6

    How can it possibly be helpful to show a sex offender deviant images, or to clamp his privates like in some bondage scenario? Who agrees to that kind of job, and how is it not a felony in and of itself? If he has to pay for it, how is that not prostitution?

  7. GermanL

    March 30, 2016 @ 8:41 pm

    7

    Ha! you think it ends at #11. It continues! In California, sex offenders are then moved to the Coalinga Mental Hospital in California, where a bunch of other people can also make money in the treatment before release. If release ever happens that is. Louis Theroux has two good documentaries on sex offenders:

    “A place for pedophiles” where he visits the aforementioned Coalinga Mental Hospital (this video is a must see – the interaction between the patients and the psychologists is interesting). In some cases, it’s good they keep some of these individuals locked up in the hospital – god forbid they get back on the street. But who knows how many ‘Metts’ are in there…

    Also interesting, “Among the sex offenders” where Louis Theroux follows some paroled sex offenders in LA.

    What is scary about the New Yorker article are the stories about kids doing pranks or teenagers exchanging personal photos being labeled as sex offenders for the rest of their life.

  8. John

    March 31, 2016 @ 11:05 am

    8

    Phil, you love to focus on the monetary aspect of stuff. What I find appalling is the whole injustice/human rights aspect. The fact that there is an entire system making money out of it is just the icing on the cake. I can only describe what has happened to this guy as sadism.

  9. Jack D

    March 31, 2016 @ 2:16 pm

    9

    John, you are missing the point. Of course it is sadism, but it is PROFITABLE sadism, which is why it continues. A whole bunch of people have a vested economic interest in this type of sadism continuing. If you could take the money out of this, they would suddenly be much less interested in being sadistic. You read this article and you are outraged for a day, but the guy who has the contract to wire up sex offender’s wangs makes his living off of it year after year. Who is going to lobby harder in favor of keeping the present system intact?

  10. GermanL

    March 31, 2016 @ 8:28 pm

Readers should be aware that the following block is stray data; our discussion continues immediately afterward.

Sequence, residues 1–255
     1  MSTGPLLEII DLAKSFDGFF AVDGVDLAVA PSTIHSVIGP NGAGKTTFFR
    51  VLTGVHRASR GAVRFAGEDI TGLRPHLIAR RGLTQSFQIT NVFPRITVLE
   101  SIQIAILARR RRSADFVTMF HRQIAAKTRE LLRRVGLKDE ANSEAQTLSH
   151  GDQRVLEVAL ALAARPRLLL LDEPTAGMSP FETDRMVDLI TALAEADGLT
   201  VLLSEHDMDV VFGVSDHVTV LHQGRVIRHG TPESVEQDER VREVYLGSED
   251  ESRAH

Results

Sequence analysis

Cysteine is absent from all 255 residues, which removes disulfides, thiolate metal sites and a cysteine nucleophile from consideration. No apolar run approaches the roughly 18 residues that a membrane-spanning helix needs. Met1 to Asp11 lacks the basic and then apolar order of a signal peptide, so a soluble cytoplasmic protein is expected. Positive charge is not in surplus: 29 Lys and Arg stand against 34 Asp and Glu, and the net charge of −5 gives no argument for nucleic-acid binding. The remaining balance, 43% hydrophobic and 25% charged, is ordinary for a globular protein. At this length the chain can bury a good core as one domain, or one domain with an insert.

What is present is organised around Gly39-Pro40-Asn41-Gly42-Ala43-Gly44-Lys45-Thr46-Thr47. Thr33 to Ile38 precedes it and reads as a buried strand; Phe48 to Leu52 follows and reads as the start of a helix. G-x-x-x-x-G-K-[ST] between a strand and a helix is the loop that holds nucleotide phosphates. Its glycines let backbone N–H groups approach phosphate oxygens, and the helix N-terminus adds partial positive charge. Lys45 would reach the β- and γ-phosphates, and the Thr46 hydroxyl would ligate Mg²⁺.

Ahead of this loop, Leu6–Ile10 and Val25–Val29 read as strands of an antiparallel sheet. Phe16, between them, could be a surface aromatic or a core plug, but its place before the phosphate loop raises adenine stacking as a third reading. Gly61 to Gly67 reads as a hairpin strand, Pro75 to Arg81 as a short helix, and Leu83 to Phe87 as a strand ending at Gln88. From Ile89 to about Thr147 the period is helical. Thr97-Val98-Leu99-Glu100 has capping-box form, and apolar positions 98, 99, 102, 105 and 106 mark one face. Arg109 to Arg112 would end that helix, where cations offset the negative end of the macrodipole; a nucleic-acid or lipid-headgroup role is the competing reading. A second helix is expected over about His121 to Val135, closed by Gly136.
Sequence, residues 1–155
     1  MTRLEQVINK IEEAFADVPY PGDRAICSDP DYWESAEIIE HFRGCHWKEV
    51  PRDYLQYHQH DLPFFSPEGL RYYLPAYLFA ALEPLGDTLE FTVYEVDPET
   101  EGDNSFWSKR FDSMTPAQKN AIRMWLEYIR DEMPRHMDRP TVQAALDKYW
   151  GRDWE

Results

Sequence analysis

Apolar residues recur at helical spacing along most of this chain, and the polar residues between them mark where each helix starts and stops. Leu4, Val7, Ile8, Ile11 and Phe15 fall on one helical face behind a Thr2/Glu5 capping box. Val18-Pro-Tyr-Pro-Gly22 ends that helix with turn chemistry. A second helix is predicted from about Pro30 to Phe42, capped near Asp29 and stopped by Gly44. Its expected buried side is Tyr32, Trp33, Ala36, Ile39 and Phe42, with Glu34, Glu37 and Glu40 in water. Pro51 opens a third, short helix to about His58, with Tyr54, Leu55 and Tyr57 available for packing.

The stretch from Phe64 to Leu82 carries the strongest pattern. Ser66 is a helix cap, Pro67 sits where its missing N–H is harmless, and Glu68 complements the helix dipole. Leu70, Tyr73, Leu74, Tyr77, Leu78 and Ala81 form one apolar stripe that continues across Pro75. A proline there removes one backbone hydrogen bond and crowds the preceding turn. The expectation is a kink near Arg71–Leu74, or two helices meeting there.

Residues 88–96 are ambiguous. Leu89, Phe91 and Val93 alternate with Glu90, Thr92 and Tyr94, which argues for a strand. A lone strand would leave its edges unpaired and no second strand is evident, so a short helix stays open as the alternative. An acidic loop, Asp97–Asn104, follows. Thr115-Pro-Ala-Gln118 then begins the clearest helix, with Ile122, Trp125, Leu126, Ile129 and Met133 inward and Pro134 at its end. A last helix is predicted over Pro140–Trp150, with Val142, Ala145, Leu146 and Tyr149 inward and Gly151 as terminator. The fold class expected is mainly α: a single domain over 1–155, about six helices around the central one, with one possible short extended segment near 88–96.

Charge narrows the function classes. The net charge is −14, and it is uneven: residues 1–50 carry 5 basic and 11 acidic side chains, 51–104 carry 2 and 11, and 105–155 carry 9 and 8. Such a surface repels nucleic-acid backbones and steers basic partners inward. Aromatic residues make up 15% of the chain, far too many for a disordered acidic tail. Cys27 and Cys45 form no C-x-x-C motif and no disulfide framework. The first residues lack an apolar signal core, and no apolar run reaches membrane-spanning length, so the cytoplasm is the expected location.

10

    The wikipedia page is itself as interesting as the documentary. Basically it is a prison in the guise of a hospital. I guess when the prison terms run out, you can still milk the system by having anyone ‘civilly-committed’:
    https://en.wikipedia.org/wiki/Coalinga_State_Hospital

    “It is a maximum security civil-commitment facility built to ensure that sexually violent predators stay out of the community.[1] Instead of being released after completing their prison sentences, they are transferred to CSH.[2] Currently, the hospital houses 850 sexually violent predators[3] (SVPs) and 100 mentally disordered offenders…The SVPs are men who … are deemed too likely to reoffend to be released and are housed indefinitely at the hospital until they are deemed no longer a danger to the community.”

    “Treatment is offered, but is not required. Approximately 1/3 of individuals accept California’s sex offender treatment. The hospital has a 1,500-bed capacity (as of August 2010 the hospital is 63% full). The median age of SVPs is 47.1 and this is expected to increase as the hospital’s population continues to age.”

    “Instead of calling the population housed at CSH ‘patients’ or ‘inmates,’ hospital policy is to call them ‘individuals’ because they are civilly-committed. ”

    “The hospital has recreational facilities including a gym, softball field, arts and crafts, graphic design room, woodworking opportunities, and a music room.”

    “The annual operating budget of CSH is $152 million (or $157,894 per individual).”

    “Three-quarters of CSH’s 850-plus detainees refuse to participate in a core treatment program, undermining a central piece of Coalinga State Hospital’s purported mission… As of April 2009 the facility had released only 13 inmates in its history.”

    “Many detainees shun treatment because they have become convinced — not without reason — that no matter what they do, they are never going to win freedom. Most detainees at Coalinga have little hope that they will ever be released. Critics say California’s sexually violent predator program looks more like upscale incarceration. There’s a growing sense among detainees that they have been effectively railroaded into a life prison term.”